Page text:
A father of two has opened up about his battle with paternal postpartum depression after the birth of his daughter.
Fireman Mike Simms appeared on This Morning with wife Effie to share his story, explaining that he hoped to raise awareness of the fact that postpartum (or postnatal) depression, which is also referred to as PND, doesn’t only affect new mothers.
Admitting that he felt like a ‘failure as a father’, Mike said: ‘We meticulously planned the baby, my wife’s a teacher so we’d gone for the school holidays. We’d been to classes, painted the nursery, we were really excited.
‘Then the birth came. I’m not going to say it’s traumatic for me cos for for the wife it’s horrendous, but I felt it was my fault, it takes two to tango, I’ve done this to her and it was horrendous to watch.’
He added that his difficulty bonding with daughter Monroe happened almost immediately: ‘Afterwards you’re given this small pink person, so I’ve got hold of Monroe and it’s the first time I’ve met her.’
All images: ITV/This Morning
Explaining that his wife had nine months to feel the baby grow and kick, Mike said he felt like meeting his child was simply an introduction: ‘I thought I’d feel a massive rush of emotion, a connection, but it was just like meeting somebody new. I felt totally disconnected, I thought there was something wrong.’
After Monroe came home, the problem became more obvious.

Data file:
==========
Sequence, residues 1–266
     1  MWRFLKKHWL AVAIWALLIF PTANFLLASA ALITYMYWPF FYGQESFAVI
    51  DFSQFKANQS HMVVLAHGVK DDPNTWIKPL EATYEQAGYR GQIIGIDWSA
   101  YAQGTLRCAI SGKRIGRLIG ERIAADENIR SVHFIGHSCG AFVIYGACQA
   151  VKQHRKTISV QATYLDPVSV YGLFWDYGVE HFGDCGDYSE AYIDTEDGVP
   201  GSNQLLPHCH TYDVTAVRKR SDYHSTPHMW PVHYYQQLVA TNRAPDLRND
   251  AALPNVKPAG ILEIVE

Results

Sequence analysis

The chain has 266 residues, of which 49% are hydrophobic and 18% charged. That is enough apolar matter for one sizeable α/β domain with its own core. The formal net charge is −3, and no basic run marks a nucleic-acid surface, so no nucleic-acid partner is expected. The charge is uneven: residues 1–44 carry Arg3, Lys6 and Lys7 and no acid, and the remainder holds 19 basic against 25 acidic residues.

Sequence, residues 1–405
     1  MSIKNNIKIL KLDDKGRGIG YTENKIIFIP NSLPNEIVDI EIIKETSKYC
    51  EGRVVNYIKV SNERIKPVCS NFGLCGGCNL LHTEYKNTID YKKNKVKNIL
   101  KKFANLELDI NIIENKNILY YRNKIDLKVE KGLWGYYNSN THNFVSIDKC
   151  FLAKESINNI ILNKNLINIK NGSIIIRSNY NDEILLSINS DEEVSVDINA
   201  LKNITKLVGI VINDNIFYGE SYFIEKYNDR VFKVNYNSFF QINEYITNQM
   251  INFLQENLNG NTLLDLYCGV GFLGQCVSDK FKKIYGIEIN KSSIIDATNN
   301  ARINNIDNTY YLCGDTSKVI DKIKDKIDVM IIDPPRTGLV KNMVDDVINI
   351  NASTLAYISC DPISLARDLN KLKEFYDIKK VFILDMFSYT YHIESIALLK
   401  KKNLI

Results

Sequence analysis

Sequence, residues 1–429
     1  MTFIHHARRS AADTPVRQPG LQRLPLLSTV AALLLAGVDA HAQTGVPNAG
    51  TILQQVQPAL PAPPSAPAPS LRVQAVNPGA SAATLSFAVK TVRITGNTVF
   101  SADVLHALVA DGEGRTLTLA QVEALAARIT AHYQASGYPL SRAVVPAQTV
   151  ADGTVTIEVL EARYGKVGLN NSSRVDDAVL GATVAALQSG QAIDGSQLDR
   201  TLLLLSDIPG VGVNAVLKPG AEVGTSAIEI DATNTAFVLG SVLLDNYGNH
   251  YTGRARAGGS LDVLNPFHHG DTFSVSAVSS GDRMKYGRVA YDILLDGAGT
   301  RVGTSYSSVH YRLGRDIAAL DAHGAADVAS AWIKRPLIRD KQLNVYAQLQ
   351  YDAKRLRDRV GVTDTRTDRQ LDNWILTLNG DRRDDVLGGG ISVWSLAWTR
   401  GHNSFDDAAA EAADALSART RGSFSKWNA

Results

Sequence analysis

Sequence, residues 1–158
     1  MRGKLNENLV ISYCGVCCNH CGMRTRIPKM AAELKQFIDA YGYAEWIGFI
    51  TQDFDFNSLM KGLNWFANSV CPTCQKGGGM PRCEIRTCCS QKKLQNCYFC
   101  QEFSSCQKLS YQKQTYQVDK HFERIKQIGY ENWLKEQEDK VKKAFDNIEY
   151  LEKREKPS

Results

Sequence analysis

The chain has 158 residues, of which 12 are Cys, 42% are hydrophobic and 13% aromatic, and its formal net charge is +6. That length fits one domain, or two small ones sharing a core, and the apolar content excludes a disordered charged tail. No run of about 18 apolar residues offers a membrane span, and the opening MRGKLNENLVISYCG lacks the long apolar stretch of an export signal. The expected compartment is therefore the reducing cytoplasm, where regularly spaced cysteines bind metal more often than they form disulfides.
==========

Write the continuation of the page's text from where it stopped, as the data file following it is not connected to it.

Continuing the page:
‘I wasn’t jealous of the baby taking Effie’s attention away from me, I was jealous of the bond they had. When she would cry, I felt at the time she hated me I couldn’t do anything to soothe her, look after her, but when she went to Effie she’d go quiet.’
Effie, Mike’s childhood sweetheart, admitted she’d noticed the change in his mood: ‘He didn’t seem to be enjoying it, we began bickering and arguing, which we never did before,’ she said. ‘I said “look, you need to go and speak to someone, we’re not working as a family unit”‘.
With the support of his wife, Mike sought support from his GP and then underwent private counselling, which he believed had worked for him – progress that was reflected after the arrival of the couple’s second child.
‘Now we’ve got our second child Leo and everything I wanted to have with Monroe I’ve got with him,’ he reported, although when asked if he and Monroe now had a strong bond too, he replied with an enthusiastic ‘Oh yes!’
Dr Jonty Heaversedge, who joined the couple to comment on the issue of paternal depression, said: ‘Men don’t like talking about their feelings, whether it’s after a birth or any other time. Men don’t seek help, and it’s really important to talk about it. The act of sharing is a huge relief and often that’s the most important thing you can do.’
‘It’s so important that we acknowledge this as a real issue’.
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According to the National Childbirth Trust, an estimated 10% of new mums suffer from PND, but it is now also recognised that either parent is likely to be affected by concern about the other.
Research from NCT found that more than 1 in 3 new fathers (38%) are concerned about their mental health. In general, studies have shown that one in 10 dads has PND and fathers also appear to be more likely to suffer from depression three to six months after their baby is born.